Wednesday’s Child(ren): In Their Death They Were Not Divided

Aug. 1, 2013
 “In Memory of
Four
Beloved Children of 
John L. & Cornelia 
Bacon
‘They were lovely and pleasant
in their lives 
and in their 
death
they were not divided.'”

These photos of the Bacon children’s graves were taken last summer at Richmond, Virginia’s Hollywood Cemetery. Looking more closely at the dates, I’m reminded again of how fortunate we are to live in an age where childhood mortality rates aren’t nearly as high as they were during the Bacons’ short lives.

All six of the children who have similarly designed markers were the offspring of John Lydall Bacon and Cornelia Fry Bacon. What position John held during the 1850s isn’t clear, but by 1886 he was the President of Virginia State Insurance Co. and State Bank of Virginia. The four markers that seem to be connected belong to the siblings who all died during March 1858: Eliza (b. 1850), Henry (b. 1852), Cornelia (b. 1853), and George (b. 1855). Francis Bacon also died in 1858, but his death was a few months later in July.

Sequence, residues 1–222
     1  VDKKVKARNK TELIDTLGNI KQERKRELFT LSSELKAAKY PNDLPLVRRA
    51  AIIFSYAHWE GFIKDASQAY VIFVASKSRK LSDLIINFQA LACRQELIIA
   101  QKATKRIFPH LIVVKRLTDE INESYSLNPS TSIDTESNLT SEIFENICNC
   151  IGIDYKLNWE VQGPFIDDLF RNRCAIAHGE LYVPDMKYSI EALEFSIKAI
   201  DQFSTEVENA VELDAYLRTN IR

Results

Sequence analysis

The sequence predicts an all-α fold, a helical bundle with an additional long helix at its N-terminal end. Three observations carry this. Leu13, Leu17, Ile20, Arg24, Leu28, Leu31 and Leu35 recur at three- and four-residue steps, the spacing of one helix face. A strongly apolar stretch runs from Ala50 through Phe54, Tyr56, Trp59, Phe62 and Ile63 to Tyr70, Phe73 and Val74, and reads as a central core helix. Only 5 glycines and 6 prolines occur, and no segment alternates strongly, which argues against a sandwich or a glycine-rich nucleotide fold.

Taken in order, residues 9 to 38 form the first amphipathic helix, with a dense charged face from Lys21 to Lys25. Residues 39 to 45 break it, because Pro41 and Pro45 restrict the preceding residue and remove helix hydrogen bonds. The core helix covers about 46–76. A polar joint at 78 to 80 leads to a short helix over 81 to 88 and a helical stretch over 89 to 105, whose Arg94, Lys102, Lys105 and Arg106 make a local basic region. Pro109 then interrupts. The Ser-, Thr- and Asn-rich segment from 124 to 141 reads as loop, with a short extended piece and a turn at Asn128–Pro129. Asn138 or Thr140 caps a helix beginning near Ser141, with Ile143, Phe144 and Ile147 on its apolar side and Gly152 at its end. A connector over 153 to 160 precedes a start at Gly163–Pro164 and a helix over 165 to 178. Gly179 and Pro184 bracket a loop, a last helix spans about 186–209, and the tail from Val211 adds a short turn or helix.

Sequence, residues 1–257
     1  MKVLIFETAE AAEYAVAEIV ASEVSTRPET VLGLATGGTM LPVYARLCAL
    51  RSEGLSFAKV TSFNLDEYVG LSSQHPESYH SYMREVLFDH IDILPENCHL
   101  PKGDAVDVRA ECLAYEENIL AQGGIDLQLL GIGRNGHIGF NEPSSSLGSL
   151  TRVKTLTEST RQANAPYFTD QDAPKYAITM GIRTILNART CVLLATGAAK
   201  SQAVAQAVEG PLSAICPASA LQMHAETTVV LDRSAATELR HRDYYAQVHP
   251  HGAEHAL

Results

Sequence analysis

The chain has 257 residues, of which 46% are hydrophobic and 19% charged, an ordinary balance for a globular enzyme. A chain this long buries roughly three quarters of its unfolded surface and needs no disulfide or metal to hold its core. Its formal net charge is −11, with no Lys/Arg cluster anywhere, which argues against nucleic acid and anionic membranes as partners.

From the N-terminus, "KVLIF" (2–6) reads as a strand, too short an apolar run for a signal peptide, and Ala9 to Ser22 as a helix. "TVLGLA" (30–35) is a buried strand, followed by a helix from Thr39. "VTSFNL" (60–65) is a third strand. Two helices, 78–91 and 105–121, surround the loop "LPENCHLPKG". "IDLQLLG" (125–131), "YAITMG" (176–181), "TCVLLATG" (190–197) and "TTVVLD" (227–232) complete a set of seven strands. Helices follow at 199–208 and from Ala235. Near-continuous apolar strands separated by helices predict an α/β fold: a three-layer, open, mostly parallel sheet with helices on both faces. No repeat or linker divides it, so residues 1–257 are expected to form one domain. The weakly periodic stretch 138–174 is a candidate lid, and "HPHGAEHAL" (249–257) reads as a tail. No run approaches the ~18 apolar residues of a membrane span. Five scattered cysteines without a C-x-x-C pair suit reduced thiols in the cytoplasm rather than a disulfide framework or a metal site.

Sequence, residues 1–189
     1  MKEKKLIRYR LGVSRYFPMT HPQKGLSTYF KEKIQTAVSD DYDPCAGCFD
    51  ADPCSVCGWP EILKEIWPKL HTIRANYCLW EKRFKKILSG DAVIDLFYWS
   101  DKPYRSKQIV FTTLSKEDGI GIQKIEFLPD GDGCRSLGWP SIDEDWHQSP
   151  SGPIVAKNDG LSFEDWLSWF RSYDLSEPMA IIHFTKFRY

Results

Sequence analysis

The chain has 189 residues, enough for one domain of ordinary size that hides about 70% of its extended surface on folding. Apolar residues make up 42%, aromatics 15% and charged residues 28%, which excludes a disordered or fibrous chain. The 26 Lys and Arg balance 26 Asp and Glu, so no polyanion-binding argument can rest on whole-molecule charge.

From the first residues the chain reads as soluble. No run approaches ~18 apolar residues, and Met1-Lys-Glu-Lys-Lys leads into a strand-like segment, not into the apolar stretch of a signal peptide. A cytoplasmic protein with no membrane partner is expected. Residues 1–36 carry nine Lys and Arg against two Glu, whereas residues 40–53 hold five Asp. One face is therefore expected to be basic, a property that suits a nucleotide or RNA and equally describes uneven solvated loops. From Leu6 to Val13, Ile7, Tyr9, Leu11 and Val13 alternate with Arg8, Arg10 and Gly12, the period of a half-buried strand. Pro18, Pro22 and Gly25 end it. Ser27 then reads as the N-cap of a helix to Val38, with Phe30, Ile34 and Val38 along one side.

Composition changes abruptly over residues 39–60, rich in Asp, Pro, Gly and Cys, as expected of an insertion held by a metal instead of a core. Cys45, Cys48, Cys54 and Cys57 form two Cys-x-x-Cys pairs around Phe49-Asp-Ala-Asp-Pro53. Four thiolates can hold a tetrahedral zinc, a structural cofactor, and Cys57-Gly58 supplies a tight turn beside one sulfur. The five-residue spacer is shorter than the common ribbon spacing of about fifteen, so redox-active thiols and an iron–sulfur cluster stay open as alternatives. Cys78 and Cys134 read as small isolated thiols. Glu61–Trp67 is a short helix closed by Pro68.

I wasn’t able to find out what took the lives of the Bacon children, but since nothing came up in the newspapers about an accident or fire, I believe that they died of illness. There was one death notice in the archives for George, who died on March 10. He was the third member of the family to pass away that month, with Henry on the 3rd, Eliza on the 8th, and Cornelia on the 26th.

The Daily Dispatch, 12 Mar. 1858

George’s funeral took place at the Monumental Church, so it’s possible that the other Bacon children’s services were also held there. As an aside, Monumental Church has a fascinating history. The ashes of 72 people who died in 1811’s Richmond Theater Fire are buried underneath the church and Edgar Allan Poe attended religious services there.

In the corner of Cornelia’s marker you can see that the monument was designed by J.W. Davies

Francis Bacon’s marker is to the left of Cornelia’s. He was born in June 1857 and died on July 22, 1858. His inscription displays a verse from the Bible: “Even so, Father, for it so seems good in Thy sight.

On the far right is John L. Bacon Jr.’s grave. He was born in March 1847 and died in February 1849, so he never physically “met” any of his siblings. I regret not having a close-up of his marker, but there is a clear photo on his Find a Grave memorial.

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